Opinion | Holbrook: Another birthday
The sky lightens early these days, and by 5 a.m. I am awake. Bed is comfortable and my husband, solid and fast asleep, is warm beside me. But I am awake now, and restless, and I slide out from under the covers. I look for my bathrobe and slippers and my dog gets up to greet me, his collar clanking as he shakes himself awake. It is too early for him to go out and he knows it, so he accepts his morning hug and trundles back to his dog bed, back to sleep.
In the living room the fireplace, which springs to life on its own on a cold morning, is flickering orange, blue, red. Outside the light has shifted and now the sky and snowy mountains are a pale blue. It is very quiet.
Until I open the door where outside the air is ringing with the songs of robins. The robins have returned, singing in the woods and from the treetops. And just like that, even though the world is still covered in snow, it is spring.
In my memory, I am 7 or 8 years old, waking up in my room in the dim light of the early morning. Robins are singing. I jump out of bed, bursting with the momentous energy that comes from the fact that my entire life is before me. Sometimes I end up outside, wandering around the neighborhood in the dark, looking, I think, for the path that will lead me forward into the great adventure that will be my life. What will I do today? Will Mom and Dad make me spend the whole Saturday doing boring chores when I’d rather be reading “Call of the Wild” or “Harriet the Spy”? What about this summer? I want to bring a friend with me when we go away, and not get stuck in my parents’ idea of fun: tennis camp. And next fall, when school starts, it seems essential that I get the teacher I like, that I am in the same class with friends. Will I have to wait until high school to finally have a boyfriend?
When I was a kid the question “what will I be when I grow up?” was always before me. How do you ever find out, when there is so much to do in the world? After a lot of thought I settled on a game warden. I had a general idea of what this actually was, but the important part was that I would live in the woods in a log cabin (I read books on how to build your own) with a husky dog. As I got older, there was also a handsome woodsman involved with whom I would share heroic adventures defending the rights of animals.
This morning I stand here on the porch listening to the robins sing. The fact that I made it across the next 50 years fills me with a feeling of lightness and relief. First of all, I found my way out of various predicaments in different parts of the world and made it home: from being left in some industrial part of Nantes, France, after a party as a college student and having to walk home, to taking a wrong turn while hiking in the lonely rural hills of the New Territories of Hong Kong and ending up in an abandoned graveyard.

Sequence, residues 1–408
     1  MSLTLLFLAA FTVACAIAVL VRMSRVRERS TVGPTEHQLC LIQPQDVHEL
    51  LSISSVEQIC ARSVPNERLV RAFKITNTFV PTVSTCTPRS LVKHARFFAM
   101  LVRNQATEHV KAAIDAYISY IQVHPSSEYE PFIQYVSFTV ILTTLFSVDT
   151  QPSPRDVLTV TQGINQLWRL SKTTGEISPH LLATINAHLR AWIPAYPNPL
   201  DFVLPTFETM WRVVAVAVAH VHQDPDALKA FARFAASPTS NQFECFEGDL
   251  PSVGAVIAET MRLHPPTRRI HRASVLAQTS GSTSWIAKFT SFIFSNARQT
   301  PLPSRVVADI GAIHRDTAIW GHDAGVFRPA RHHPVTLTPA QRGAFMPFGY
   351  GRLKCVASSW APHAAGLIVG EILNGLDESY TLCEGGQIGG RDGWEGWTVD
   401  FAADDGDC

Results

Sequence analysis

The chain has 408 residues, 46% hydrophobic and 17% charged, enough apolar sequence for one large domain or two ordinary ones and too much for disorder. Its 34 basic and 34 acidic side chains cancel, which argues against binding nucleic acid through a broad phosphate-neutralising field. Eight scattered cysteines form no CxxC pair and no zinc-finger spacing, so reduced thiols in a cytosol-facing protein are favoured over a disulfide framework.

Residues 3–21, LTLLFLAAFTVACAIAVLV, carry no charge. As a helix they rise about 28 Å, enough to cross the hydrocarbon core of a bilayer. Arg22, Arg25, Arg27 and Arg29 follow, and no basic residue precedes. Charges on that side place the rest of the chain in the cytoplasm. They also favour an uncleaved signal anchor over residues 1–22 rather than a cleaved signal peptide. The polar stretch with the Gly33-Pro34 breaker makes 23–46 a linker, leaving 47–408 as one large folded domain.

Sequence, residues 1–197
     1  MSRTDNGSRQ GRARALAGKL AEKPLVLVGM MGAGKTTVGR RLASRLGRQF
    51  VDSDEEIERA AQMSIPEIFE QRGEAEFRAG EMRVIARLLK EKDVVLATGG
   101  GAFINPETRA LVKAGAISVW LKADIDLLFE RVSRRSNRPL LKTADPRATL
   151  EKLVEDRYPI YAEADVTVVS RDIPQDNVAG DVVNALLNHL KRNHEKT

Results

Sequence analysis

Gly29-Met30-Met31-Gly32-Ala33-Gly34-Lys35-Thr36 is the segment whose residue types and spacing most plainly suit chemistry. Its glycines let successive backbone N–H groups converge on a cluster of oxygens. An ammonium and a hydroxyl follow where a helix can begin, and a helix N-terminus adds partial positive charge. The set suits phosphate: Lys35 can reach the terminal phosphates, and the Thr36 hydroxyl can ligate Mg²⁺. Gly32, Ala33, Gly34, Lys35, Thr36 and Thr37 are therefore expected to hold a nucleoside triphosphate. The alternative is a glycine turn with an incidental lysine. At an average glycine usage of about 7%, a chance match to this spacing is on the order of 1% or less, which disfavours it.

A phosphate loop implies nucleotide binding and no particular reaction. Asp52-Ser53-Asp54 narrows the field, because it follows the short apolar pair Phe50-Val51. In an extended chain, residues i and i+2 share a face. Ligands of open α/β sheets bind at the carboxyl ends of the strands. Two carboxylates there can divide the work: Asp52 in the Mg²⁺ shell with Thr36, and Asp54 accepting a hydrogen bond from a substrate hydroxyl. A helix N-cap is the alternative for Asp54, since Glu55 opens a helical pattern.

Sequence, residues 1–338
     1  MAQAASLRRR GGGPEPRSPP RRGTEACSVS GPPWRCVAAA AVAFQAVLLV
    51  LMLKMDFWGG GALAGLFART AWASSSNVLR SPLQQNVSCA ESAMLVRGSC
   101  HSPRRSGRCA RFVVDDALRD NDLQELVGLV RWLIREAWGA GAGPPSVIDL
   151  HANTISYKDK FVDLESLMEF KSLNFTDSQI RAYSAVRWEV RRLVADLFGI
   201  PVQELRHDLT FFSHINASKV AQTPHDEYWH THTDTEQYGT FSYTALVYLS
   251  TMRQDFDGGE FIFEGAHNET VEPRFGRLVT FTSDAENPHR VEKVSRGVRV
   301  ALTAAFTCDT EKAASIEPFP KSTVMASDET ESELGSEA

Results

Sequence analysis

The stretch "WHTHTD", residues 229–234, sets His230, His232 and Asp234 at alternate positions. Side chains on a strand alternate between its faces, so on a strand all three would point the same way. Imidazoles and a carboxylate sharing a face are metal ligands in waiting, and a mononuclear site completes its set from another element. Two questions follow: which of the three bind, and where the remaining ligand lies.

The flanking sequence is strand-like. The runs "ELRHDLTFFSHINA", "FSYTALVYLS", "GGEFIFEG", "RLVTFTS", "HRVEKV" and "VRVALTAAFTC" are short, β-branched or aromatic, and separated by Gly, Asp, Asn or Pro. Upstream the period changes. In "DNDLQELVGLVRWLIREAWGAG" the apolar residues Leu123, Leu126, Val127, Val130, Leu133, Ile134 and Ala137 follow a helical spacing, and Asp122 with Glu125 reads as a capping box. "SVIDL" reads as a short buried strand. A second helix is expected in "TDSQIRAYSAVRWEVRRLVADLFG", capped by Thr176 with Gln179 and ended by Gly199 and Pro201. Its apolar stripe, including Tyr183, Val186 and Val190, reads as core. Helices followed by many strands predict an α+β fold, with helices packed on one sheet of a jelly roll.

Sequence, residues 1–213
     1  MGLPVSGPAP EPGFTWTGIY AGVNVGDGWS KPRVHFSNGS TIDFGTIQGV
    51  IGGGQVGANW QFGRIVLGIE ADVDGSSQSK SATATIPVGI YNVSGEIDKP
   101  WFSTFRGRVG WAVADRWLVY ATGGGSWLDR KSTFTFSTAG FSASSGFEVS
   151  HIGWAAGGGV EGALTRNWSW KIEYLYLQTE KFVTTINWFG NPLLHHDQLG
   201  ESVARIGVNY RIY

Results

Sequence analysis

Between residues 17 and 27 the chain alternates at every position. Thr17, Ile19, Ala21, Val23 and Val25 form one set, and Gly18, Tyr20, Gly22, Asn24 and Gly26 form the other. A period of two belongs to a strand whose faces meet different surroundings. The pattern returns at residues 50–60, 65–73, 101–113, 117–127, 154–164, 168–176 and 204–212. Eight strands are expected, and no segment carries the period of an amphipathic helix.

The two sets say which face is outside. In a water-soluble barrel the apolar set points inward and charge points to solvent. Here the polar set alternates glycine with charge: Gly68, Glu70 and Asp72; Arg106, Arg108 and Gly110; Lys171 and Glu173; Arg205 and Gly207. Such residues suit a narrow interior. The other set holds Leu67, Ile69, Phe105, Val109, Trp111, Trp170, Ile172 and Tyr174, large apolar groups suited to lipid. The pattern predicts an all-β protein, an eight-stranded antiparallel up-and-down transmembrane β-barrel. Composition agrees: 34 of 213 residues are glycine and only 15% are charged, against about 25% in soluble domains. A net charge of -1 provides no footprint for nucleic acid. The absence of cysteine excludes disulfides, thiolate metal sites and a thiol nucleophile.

And then there were a couple of ill-advised marriages — one brutal, the other just a bad idea. In my late 40s, just when I thought that I was coasting into middle age with a measure of financial security, the housing market crashed, I lost the house I had bought, along with my job, and I was not sure I would be able to find any place to live that would take me and my dog.
And the question of “what I will be when I grow up” has had more answers than I expected (and a game warden did not turn out to be one of them).
Today there is nothing particular to accomplish and I don’t bother so much with what is coming down the road. Instead, I wonder whether or not Alan will wake up and make us pancakes for breakfast. Which I know he would do if I asked, even if it were not (almost) my birthday. Alan has been my husband for almost a year, and my friend for more than 40. It’s not that I have given up caring about the future, or that I have become more relaxed and philosophical. It’s just that in life, sometimes the thing you didn’t even know to plan or hope for turns out to be the best thing that ever happened to you.
Outside a family of crows pass overhead, as they do each day, flying out of the woods over the field toward Lake Dillon and Frisco where they will spend the day on crow-business. Snow is melting and filling the yard with deep pools of water that become a river pouring down the driveway. The sun catches in the clouds as it rises, turning them to puffs of white and gold. Suddenly Peak 1 and the Tenmile Range are illuminated above the house.
In the treetops, and in the woods, the robins are singing.
Christina Holbrook lives in Breckenridge.
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